The largest study to date exploring the association between age of transfused RBCs and mortality comes from the Swedish/Danish SCANDAT database exploring 404,959 transfusion episodes in more than 300,000 (mainly trauma and surgical) patients from 1995 to 2002: administration of RBCs aged 30 to 42 days was associated with a 5% increased mortality (HR: 1.05; 95% CI, 1.02 to 1.08) after two years of follow-up [30], but the authors acknowledged that this risk could have been overestimated in view of a greater baseline risk in recipients of older units. In another retrospective, registry-based analysis of 6,994 surgical patients with comorbidities (ASA score more than III in 80% of patients; cardiac surgery patients excluded) receiving a median of two leukoreduced RBC units, Saager et al. found no relationship between median RBC storage duration and postoperative mortality (up to two years) in a Cox regression model (adjusting for ABO group and number of units transfused) [31].

Some studies included more homogeneous patient populations. In cardiac surgery patients, the largest study was a single-center, retrospective study of 6,002 patients undergoing coronary artery bypass graft (CABG), valve surgery or both. Patients transfused with older blood (median: 20 days) had greater hospital mortality compared to those receiving fresher (median: 11 days) blood (2.8% vs. 1.7%, P = 0.004). Patients transfused with older blood also had a higher one-year mortality rate (11.0 vs. 7.4%, P < 0.001) [32]. However, these results were much debated and challenged by other groups that were unable to find such an association [33-37]. In a single-center study of 2,732 patients undergoing CABG, van de Watering et al. [38] found no correlation between storage time variables and 30-day mortality in adjusted multivariate analyses. In this study, 30-day mortality was similar in patients receiving exclusively older (mean: 24.3 +/- 3.5 days) or younger RBCs (mean: 12.7 +/- 2.8 days). In a retrospective study of 1,153 cardiac surgery patients, McKenny et al. [39] found no association between RBC storage duration and postoperative mortality in a multivariate analysis. In another retrospective, single-center study of 3,597 patients with isolated CABG, van Straten et al. [40] found no effect of RBC storage duration on early or late postoperative mortality. In a single-center, retrospective cohort study of 670 patients undergoing CABG and/or valve surgery, Yap and coworkers also found no association between storage duration and mortality [41].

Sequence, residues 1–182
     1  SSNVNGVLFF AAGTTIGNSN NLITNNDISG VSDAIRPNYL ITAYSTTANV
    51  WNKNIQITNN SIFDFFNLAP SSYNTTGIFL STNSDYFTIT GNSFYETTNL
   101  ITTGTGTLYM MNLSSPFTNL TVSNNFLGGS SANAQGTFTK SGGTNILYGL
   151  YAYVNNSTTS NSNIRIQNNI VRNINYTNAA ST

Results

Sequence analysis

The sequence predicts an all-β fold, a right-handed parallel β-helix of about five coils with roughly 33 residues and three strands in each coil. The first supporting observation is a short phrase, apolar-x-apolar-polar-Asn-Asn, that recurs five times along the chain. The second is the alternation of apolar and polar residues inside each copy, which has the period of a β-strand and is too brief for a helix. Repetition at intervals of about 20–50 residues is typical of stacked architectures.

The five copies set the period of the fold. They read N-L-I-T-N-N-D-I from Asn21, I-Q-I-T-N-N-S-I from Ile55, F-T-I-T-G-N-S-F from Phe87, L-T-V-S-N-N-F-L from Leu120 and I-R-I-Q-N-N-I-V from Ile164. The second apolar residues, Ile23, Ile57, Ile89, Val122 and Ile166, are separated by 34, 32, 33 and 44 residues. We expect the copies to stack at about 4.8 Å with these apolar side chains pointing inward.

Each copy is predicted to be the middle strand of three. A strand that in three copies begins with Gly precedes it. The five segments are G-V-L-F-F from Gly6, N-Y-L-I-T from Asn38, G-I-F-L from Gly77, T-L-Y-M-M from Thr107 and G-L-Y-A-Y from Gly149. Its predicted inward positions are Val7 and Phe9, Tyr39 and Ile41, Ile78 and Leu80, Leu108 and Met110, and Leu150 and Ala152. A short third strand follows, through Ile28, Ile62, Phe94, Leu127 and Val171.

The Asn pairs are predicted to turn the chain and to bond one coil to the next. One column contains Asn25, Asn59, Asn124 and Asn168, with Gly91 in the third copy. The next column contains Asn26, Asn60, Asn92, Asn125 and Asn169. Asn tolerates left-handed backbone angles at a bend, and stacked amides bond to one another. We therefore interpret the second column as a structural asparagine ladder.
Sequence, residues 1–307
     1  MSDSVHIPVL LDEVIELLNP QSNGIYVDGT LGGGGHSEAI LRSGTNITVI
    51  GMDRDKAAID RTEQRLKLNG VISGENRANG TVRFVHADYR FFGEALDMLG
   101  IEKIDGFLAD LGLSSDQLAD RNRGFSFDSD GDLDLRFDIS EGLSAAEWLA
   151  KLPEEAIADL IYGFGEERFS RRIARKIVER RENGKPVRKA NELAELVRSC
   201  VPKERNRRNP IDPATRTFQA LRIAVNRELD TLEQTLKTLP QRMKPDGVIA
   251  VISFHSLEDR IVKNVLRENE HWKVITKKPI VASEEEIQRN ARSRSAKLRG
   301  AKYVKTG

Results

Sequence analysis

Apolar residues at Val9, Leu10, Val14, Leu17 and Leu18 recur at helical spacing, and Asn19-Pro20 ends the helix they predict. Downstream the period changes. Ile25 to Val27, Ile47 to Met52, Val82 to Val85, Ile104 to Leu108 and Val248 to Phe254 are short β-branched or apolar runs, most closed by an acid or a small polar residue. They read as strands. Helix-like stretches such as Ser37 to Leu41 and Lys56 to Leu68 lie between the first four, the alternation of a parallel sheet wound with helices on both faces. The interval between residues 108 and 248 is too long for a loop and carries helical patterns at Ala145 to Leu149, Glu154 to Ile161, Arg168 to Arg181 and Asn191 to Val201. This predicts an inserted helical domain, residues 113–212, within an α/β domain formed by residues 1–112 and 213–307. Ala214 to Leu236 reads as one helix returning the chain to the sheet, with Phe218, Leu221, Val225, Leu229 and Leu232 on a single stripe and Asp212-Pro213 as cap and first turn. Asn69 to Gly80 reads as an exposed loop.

Two retrospective studies examined the association of RBC storage with mortality in critically ill patients. The first was a small cohort of 31 septic patients in which non-survivors received a greater proportion of older RBCs (> 20 days old) compared to survivors, who received a greater proportion of younger RBCs (< 10 days old) [42]. In another retrospective, single-center study of 534 general ICU patients, there was no association between the age of transfused red cells (median of maximum age of RBCs: 23 days) and mortality in multivariate analyses [43].

We found six studies with mortality as an outcome in trauma patients. In a retrospective cohort study of 1,813 severe trauma patients (mean Injury Severity Score (ISS) 26), transfusion of large (but not small) volumes of older blood (more than 14 days old) was associated with an increased risk of death compared to transfusion of the same volumes of younger blood (< 14 days old), suggesting that the age of transfused RBCs could potentiate the already known association between volume of blood transfused and mortality, even though the authors used universal leukoreduction [44]. The same authors reported similar data in another retrospective study with a somewhat higher mortality rate with older blood when patients received more than three RBC units (20.1% in fresh blood vs. 27.0% in the old blood group, P = 0.08) [45]. In less severely injured trauma patients (mean ISS 14.4), transfusion of older blood (> 14 days old) was also associated with increased mortality, although to a lesser extent (OR: 1.12, CI: 1.02 to 1.23) [46]. In a smaller retrospective analysis of 202 patients transfused with at least five units of RBCs, Spinella et al. [47] found that hospital mortality was higher for patients transfused with older RBCs (maximum RBC age: 28 or more days) than with younger RBCs (maximum RBC age less than 28 days) (26.7% vs. 13.9%, P = 0.02). In a multivariate analysis, increased storage time was independently associated with mortality (OR: 4.00; 95% CI: 1.31 to 11.61). Not all studies in trauma patients have reported deleterious effects of RBC storage on mortality. In a retrospective study of 271 trauma patients, Murrell et al. [48] found no correlation between the age of blood (expressed as the 'dose of aged blood') and hospital mortality (OR: 1.21, 95% CI: 0.87 to 1.69) after controlling for confounders. In another retrospective cohort of 820 transfused trauma patients, the total number of RBC units but not the number of older (> 14 days old) units transfused was independently associated with increased mortality [49]. These studies were, however, smaller than the previous ones.